An encouraging point that Mercer makes is that when children learn to control bodily functions, such as sleep or urination, they can only master them by learning to a) let go when they are in the correct place to wee or sleep, and b) to hold their urges when it is the wrong time to wee or sleep. These are two separate skills and when it seems they cannot control their urges, they may well be practicing the art of the sudden release. A baby must learn how to override the urge to sleep, just as a child learns to override the urge to wee. However, the baby must be able to fall into slumber, as a child must open the floodgates when the time comes. It’s no wonder it takes them a while to sort it all out.
If your child is not a happy little sunbeam at the time of regression, then it tends to be more worrying. However, the scientists who wrote the bestselling book, The Wonder Weeks report that development spurts in young infants have a consistent form: a fussy, clingy phase in which the baby needs a lot of support, is followed by a some kind of new leap in development and a period of comparative ease. I love this book, because now I can see that these changing phases are normal and more importantly, not my fault. Being reminded that, no matter what I do, ease and difficulty are temporary is a comforting thought, in that it makes me appreciate the good moments and know that the bad ones will not last. When Evie is wailing for no apparent reason, there’s a puddle on the floor, and we’re headed into some sort of toddler/ older child meltdown contest, it helps.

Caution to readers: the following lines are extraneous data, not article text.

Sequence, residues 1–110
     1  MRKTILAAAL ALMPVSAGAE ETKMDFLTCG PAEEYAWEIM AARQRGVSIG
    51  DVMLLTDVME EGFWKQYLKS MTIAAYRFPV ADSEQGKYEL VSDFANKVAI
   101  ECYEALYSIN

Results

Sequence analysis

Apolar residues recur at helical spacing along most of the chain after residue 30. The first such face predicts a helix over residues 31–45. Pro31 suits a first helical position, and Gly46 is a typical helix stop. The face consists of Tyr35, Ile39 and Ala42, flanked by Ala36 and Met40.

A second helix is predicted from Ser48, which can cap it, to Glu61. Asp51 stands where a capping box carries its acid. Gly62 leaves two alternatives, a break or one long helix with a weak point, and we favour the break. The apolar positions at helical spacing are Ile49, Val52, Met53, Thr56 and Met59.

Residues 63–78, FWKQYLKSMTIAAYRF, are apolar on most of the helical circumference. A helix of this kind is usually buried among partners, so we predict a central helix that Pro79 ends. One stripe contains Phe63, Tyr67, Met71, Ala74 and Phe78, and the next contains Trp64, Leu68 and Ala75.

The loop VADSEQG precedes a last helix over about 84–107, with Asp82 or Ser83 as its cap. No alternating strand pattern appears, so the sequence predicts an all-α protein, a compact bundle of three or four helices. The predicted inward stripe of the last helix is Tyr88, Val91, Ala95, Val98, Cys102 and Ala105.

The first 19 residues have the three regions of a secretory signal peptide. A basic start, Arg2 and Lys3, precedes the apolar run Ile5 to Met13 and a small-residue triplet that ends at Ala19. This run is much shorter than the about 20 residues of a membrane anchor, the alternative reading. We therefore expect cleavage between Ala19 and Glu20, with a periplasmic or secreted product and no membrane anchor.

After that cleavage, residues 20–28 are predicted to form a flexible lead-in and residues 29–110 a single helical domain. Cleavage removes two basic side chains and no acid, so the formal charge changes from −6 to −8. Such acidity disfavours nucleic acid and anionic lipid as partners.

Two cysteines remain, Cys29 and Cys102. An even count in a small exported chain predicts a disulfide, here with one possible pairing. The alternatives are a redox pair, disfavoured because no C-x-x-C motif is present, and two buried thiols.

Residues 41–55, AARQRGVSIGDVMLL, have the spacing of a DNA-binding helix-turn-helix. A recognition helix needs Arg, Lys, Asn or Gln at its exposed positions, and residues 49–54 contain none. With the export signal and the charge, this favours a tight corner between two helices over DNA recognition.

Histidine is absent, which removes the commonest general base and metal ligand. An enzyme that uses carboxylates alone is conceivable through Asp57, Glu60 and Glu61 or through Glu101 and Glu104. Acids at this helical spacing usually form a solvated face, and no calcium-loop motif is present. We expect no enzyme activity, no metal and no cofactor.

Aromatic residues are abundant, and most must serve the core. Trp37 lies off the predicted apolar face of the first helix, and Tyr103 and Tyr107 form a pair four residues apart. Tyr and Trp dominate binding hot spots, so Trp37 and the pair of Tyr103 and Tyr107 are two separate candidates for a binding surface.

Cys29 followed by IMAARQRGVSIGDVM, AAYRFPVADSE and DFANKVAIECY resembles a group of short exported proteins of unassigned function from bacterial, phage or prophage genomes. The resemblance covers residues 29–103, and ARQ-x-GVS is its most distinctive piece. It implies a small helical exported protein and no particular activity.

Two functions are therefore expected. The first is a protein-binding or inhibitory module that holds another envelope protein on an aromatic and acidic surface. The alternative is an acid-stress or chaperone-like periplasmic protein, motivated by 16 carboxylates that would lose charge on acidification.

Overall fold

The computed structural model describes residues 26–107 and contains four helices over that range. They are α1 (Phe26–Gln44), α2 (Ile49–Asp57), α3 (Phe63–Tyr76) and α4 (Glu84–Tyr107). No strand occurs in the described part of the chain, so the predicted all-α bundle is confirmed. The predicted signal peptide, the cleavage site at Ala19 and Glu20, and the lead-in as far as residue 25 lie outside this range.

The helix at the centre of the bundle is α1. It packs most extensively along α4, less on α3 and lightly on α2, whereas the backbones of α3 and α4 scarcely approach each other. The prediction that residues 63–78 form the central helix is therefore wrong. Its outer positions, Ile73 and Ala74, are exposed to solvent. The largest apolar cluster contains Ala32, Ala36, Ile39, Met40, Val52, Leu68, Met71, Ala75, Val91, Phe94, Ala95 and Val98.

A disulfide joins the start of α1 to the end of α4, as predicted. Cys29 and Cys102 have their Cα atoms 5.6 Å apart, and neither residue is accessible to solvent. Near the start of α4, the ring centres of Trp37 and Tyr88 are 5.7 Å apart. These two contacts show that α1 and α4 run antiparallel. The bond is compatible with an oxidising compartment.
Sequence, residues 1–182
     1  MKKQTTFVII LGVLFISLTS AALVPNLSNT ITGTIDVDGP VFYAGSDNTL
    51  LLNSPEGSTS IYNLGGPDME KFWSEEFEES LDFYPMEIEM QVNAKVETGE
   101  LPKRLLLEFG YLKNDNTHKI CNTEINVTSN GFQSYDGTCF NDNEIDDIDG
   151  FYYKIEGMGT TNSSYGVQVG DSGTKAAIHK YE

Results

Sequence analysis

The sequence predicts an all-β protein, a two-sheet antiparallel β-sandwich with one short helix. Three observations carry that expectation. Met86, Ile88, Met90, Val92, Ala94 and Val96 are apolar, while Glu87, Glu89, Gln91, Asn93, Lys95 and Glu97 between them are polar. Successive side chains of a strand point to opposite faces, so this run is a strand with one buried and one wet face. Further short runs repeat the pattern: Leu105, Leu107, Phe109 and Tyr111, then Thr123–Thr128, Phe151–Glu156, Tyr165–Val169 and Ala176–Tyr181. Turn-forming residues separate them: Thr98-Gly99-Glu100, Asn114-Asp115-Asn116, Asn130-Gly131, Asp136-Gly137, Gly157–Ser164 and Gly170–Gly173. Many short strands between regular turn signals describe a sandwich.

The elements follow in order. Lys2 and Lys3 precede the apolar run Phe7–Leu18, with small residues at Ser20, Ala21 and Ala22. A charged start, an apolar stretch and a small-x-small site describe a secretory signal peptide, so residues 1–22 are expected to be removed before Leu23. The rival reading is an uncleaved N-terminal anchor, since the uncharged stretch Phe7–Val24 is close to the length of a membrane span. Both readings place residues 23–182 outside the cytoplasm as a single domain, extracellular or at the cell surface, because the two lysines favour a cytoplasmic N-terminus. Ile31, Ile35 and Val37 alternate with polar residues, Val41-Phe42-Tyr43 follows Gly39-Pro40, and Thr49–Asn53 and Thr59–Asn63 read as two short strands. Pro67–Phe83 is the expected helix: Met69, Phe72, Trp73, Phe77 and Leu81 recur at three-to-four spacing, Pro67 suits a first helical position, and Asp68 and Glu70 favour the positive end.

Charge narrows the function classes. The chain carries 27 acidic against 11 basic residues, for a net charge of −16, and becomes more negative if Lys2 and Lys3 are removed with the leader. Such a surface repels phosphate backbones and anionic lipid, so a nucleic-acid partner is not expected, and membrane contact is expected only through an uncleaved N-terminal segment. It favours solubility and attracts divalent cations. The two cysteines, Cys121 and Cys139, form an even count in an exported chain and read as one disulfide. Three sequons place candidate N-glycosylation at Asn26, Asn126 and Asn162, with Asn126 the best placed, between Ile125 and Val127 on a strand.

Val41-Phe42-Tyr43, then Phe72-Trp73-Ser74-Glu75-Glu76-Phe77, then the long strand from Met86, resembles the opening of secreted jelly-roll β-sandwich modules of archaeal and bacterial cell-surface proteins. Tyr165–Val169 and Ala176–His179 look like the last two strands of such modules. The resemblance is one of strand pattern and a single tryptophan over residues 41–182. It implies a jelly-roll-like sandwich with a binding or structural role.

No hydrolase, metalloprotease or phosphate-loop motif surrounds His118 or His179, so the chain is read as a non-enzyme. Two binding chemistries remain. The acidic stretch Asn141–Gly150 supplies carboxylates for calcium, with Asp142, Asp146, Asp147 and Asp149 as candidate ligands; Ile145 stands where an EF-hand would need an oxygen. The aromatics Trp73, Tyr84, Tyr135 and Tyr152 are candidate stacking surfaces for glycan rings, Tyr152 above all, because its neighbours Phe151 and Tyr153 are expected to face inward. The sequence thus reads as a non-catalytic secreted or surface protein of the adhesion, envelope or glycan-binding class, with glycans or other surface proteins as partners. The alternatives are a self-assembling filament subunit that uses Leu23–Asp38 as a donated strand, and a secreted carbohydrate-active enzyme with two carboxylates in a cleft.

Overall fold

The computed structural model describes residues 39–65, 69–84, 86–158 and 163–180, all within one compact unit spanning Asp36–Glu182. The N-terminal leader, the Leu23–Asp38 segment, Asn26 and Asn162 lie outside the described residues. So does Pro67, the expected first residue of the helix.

In my experience, these ideas apply to grown ups too. When I regress in my ability to do something, there is a related struggle involved, and often a frayed temper: My yoga practice is not what it was. On the one hand, I’m less flexible and carrying some extra baby weight. I have bigger boobs from breastfeeding that never seem to be in the right place. On the other hand, my arms are stronger from lifting infants, and I am more grounded in my body after going through pregnancy and birth several times. One challenge is that I need to find a new way of doing yoga, which is in tune with the mind and body I have now. The main reason I’ve let my yoga slide though, is that I have been too busy learning to balance life with a baby and two older children, to find the time and energy for working out. I find my mood is far from soft-focussed calm and part of me resists even trying to change that because it seems like too much effort! Now that things are settling down a bit, I can get back to a regular practice and banish the urge to sit on the sofa and eat chocolate instead.
Mercer says that children’s development is more like weather than a path: sometimes parents get to bask in the sunshine of our child’s facility, and sometimes we hang onto the coattails of their personal whirlwind. I think we can apply this to the ups and downs of our own lives too.
So, the best thing we can do for our kids and ourselves is to be compassionate about setbacks. To see them as a natural part of a learning process. Hell, of a living process. Be kind to yourself and others. Take a deep, resolute breath, and know that the only way is, not forwards or back, but up and down and up again. Except for wee. Always encourage your child to wee downwards.
Having said all this- I would welcome any tips and hints for helping kids learn to conquer the loo once and for all! What can parents do to empower their children in acquiring new skills?
Sent from my iPad